Fort St. John City Council adopted a tax bylaw on Monday, which will see the municipal portion of taxes increase by just over one per cent.
This, however, doesn’t tell the whole story according to City Manager Dianne Hunter.
“Because you’re looking at it from various perspectives,” said Hunter, “the percentage, or the dollar amount would raise.
“So, to say (there’s) a one per cent increase in tax rate, not everybody’s tax rates are adjusted the same,” she said.
“The City will say this is what we’re raising, but of course, people will look at what the impact to them on their tax bill is and they don’t really care that it might be Ministry of Education, the Province, the Regional District, the Regional Hospital District or the City – they just see it as the City,” said Hunter.
“So when we talk about it, we try to be very clear is that what we’re talking about is our portion of the tax bill that we have control over, but what people see is a combination of different agencies using our tax bill as the method to raise those taxes.”
In addition to the City being used as the means of collection by various agencies, rates are also impacted by assessment values.
“The other thing that complicates it is of course to take a look at it and say, as far as tax rate, but everybody’s assessments change also,” Hunter explained.
“From the municipality’s point of view, it starts right from the beginning when we’re talking about budget,” she said. “How much has the budget increased? That’s the amount of tax revenue that you need to raise.
“The… tax ratio is less relevant at the end of the day and really it can get quite complicated because everybody’s in a different class and their assessments are varying all the time, so to make a statement about a tax rate (is) really difficult,” said Hunter.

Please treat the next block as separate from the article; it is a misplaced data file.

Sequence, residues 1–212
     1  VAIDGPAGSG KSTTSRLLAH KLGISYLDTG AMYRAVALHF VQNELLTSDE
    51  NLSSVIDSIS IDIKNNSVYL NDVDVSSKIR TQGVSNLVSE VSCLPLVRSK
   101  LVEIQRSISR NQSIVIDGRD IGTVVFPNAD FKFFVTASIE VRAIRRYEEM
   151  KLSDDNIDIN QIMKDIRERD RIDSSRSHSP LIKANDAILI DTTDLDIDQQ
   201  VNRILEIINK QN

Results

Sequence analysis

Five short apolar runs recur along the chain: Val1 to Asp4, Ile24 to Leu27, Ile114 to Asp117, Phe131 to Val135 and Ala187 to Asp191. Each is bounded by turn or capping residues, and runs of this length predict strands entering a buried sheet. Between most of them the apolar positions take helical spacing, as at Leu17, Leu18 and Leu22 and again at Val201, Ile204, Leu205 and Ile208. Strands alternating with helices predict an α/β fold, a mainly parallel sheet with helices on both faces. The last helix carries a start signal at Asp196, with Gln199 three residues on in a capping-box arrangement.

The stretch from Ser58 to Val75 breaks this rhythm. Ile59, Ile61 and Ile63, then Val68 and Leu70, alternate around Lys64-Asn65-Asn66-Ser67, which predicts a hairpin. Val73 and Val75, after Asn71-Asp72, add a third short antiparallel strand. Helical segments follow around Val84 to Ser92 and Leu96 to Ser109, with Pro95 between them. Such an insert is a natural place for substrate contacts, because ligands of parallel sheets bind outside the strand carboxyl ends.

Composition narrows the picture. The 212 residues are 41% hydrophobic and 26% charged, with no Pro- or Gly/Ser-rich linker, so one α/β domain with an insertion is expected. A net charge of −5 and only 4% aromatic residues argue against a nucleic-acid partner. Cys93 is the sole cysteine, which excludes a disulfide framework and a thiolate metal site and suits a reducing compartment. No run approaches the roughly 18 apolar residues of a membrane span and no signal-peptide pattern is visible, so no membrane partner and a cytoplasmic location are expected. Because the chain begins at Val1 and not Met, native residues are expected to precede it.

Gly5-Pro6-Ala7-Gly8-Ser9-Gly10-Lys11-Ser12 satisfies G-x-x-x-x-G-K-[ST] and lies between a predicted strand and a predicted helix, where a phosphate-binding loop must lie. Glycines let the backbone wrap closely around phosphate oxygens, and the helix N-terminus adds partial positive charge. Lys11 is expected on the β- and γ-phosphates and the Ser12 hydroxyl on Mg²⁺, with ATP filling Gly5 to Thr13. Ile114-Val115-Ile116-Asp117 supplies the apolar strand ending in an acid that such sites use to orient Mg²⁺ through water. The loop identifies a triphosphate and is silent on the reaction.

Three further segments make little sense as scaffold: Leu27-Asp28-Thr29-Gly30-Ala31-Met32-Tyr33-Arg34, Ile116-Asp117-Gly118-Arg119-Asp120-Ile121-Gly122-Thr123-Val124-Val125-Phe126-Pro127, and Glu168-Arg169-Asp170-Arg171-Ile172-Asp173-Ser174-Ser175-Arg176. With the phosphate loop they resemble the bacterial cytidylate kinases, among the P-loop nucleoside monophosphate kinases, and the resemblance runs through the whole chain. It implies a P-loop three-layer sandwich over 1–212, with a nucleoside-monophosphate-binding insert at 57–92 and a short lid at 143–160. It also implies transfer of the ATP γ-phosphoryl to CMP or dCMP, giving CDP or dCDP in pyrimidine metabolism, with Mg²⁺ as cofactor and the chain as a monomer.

“Because everybody will go back to their assessment notice and go, ‘Well that doesn’t impact me by one per cent, I’m down by half a per cent’ or ‘I’m up by two per cent.’”
Residentially, the city’s portion of the taxes has increased from 5.0885 to 5.2128 dollars of tax per $1,000 taxable value. Major industrial has increased from 26.4255 to 27.0710, while light industrial has increased from 25.795 to 26.4251.
Business has gone from 14.3166 to 14.6661. Recreation has increased from 10.7428 to 10.987, and the farm rate has increased from 14.0075 to 14.3497.
These rates are to fulfill the municipality’s revenue needs to meet their 2012 budget.
“It starts off with us looking at our financial needs; it’s called a budget,” said Hunter. “Once we establish our budget, then we take the dollar amount that we have indicated needs to be raised, then we take a look at what tax rate would raise that type of revenue and then we take a look at the ratios between the various classifications, whether it’s industrial, commercial or residential to take a look at what the tax rate would be for the different classes,” said Hunter.
She noted that these are the rates that the City has control over, but they are also the “collecting jurisdiction” for other parties.
“The regional district will tell us how much taxation they want us to raise from our community,” said Hunter. “That then goes back to the Regional District and then is contributing to functions that we’re in with the regional district.
“So solid waste, for example, or the leisure pool, or their planning department, or their general administration, so we collect all the revenue from them and we have no control over setting those budgets,” she said.
“We are the collecting agency – same as from the Regional District Hospital Authority – they’ll tell us how much we need to raise in Fort St. John to contribute to the new hospital,” she continued.
“In addition to that, the province requires municipalities to collect the taxes for schools, for education, so they’ll be sending us the rate… for education,” Hunter said.
“We collect all those dollars from the Regional District, for the regional hospital district, for the province then we collect that money and send it off to the various agencies at the end of the tax season.”